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A prototype flying car successfully reached a destination point in Bratislava, Slovakia. The departure was from Nitra and the flight took 35-minute to complete the test. According to the BBC original article the hybrid car-aircraft, AirCar, has a BMW engine under the hood and runs on regular petrol-pump fuel. Prof Stefan Klein is the creator of this prototype and he said that the car could surpass up to 1,000km, at a height of 2,500m and had clocked up 40 hours in the air so far. The car can change its clothes into an aircraft for two minutes and 15 seconds.

To drive the flying car is very pleasant

AirCar with folded wings
AirCar with folded wings. Image credit: klein-vision.com

As you can see in the photo car wings are narrow and folded along both sides of the car. Prof Klein made a demonstration runaway and into the town for invited journalists. Also he described the experience, early on Monday morning, as “normal” and “very pleasant”. In the air the car reached 170km/h speed. Also it can carry two people with a weight limit of 200kg. Unfortunately, because of its peculiarities it cannot land and start vertically as a drone-taxi. Besides, such a prototype requires a runaway.

In 2019, consultant company Morgan Stanely predicted the rising expectations for the market. Also in the material there is a forecast that the sector of flying cars could be worth $1.5trillion (£1tn) by 2040. 

The market will rise

Klein Vision is the company that stands behind the AirCar, mentioned that it took two years to create the prototype and “less than 2m euros” (£1.7m) in investment. Anton Zajac, and adviser and investor in Klein Vision remarked that the company can reach a huge success if even a small part of global airline or taxi sales will attract the project.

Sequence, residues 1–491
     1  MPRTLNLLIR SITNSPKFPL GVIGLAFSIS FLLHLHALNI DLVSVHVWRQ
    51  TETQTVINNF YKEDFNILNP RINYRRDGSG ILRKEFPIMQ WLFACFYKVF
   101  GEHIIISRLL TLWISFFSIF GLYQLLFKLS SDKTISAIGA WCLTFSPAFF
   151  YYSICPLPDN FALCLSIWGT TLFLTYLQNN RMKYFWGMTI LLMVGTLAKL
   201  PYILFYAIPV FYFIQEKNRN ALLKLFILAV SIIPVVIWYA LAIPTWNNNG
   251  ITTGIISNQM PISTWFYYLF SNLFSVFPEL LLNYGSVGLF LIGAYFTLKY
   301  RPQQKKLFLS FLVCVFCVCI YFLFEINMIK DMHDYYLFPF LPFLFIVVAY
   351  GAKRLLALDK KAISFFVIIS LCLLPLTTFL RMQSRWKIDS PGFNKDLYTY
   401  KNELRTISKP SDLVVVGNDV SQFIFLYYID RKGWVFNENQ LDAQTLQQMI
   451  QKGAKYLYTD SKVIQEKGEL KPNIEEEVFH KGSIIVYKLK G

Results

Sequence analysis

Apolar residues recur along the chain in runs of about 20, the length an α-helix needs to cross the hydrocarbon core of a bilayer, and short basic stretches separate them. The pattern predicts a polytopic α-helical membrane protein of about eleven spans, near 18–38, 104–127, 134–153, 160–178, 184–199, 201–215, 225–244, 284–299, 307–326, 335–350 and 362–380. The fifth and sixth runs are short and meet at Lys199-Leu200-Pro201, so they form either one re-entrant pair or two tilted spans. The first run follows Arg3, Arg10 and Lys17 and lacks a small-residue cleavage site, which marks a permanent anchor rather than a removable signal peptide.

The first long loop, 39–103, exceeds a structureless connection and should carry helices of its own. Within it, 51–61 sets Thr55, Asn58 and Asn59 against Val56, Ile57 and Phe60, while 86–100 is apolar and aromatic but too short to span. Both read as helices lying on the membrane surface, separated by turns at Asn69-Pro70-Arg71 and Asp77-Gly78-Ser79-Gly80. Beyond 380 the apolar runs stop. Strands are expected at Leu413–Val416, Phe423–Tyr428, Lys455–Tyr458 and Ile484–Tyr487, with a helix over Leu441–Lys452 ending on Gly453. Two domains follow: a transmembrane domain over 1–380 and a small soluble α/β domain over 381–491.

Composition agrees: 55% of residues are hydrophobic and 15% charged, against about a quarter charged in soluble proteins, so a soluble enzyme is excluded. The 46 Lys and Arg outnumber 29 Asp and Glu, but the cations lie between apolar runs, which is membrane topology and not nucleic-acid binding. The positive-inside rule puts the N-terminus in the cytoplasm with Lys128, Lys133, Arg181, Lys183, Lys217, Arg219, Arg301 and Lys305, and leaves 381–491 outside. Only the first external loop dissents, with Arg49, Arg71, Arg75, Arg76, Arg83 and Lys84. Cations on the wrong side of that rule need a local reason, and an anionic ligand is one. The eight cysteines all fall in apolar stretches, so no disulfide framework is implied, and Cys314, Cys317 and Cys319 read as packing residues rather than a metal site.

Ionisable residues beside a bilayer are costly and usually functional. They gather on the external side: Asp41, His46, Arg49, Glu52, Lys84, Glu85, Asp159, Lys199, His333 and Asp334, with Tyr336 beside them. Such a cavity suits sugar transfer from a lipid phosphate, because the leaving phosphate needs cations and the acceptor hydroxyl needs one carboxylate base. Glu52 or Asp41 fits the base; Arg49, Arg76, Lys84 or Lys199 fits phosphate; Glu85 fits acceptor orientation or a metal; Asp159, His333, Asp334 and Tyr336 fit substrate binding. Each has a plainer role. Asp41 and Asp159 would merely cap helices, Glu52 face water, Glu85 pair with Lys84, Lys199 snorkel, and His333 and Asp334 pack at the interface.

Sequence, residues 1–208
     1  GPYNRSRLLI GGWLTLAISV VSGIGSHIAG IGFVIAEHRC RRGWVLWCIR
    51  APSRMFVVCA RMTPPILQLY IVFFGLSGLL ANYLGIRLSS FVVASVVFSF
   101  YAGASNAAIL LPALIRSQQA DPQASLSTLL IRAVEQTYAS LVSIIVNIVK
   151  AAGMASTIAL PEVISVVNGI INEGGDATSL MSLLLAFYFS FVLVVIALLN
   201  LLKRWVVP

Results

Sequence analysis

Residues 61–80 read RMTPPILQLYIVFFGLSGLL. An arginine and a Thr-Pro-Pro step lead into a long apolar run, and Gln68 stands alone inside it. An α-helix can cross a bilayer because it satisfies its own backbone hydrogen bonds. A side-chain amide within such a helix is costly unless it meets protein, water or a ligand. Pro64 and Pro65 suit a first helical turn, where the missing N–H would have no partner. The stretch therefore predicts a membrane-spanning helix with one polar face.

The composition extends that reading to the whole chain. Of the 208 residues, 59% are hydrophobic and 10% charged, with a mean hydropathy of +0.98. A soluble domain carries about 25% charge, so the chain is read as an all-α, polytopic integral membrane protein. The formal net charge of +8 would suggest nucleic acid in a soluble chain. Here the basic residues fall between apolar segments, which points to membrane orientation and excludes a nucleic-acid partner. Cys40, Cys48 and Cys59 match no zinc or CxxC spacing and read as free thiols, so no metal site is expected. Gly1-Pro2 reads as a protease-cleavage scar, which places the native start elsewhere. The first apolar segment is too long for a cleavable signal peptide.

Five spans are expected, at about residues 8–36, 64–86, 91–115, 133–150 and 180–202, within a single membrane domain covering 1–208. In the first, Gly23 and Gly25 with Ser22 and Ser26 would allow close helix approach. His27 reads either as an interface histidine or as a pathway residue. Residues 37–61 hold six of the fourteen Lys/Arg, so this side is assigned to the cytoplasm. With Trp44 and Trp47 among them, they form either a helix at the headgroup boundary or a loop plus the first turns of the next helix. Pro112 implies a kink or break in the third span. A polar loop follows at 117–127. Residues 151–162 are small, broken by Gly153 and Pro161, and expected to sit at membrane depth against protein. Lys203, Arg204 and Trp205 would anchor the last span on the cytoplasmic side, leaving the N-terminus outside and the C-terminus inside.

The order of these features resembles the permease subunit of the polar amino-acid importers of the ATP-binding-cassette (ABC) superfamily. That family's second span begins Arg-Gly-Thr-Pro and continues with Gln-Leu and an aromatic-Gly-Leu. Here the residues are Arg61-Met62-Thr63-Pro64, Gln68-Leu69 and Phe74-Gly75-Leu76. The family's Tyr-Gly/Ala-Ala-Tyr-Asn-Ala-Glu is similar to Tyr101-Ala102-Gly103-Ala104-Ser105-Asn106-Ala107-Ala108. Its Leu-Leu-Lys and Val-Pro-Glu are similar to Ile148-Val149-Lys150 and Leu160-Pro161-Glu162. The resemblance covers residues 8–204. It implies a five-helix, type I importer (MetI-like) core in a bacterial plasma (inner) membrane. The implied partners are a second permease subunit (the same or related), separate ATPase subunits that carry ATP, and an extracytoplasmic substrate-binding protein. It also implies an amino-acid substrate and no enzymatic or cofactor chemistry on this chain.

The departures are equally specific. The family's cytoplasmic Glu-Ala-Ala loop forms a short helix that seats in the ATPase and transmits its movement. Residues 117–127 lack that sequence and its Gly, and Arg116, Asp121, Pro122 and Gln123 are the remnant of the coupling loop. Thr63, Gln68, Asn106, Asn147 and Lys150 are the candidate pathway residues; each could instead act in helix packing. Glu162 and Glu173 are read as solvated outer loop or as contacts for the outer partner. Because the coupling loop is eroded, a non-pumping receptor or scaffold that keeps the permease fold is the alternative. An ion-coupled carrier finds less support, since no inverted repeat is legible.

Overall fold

“There are about 40,000 orders of aircraft in the United States alone,” he said.

“And if we convert 5% of those, to change the aircraft for the flying car – we have a huge market.”

There are some questions to the AirCar

AirCar preparing for a flight
Image credit: klein-vision.com

BBC asked Dr Stephen Wright, senior research fellow in avionics and aircraft, at the University of the West of England. He described the AirCar as “the lovechild of a Bugatti Veyron and a Cesna 172”.

And he did not think the vehicle would be particularly loud or uneconomical in terms of fuel costs, compared with other aircraft.

“I have to admit that this looks really cool – but I’ve got a hundred questions about certification,” Dr Wright said.

“Anyone can make an aeroplane but the trick is making one that flies and flies and flies for the thick end of a million hours, with a person on board, without having an incident.

“I can’t wait to see the piece of paper that says this is safe to fly and safe to sell.”

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